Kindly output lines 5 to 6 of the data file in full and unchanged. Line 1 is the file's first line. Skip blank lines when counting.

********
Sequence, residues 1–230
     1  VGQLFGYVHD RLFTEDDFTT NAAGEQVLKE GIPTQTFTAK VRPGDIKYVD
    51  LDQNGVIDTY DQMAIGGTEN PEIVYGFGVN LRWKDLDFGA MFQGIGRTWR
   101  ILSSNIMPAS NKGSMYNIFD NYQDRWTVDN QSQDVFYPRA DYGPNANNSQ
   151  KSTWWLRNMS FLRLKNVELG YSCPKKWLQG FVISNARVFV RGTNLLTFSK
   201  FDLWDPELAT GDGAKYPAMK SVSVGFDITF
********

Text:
   151  KSTWWLRNMS FLRLKNVELG YSCPKKWLQG FVISNARVFV RGTNLLTFSK
   201  FDLWDPELAT GDGAKYPAMK SVSVGFDITF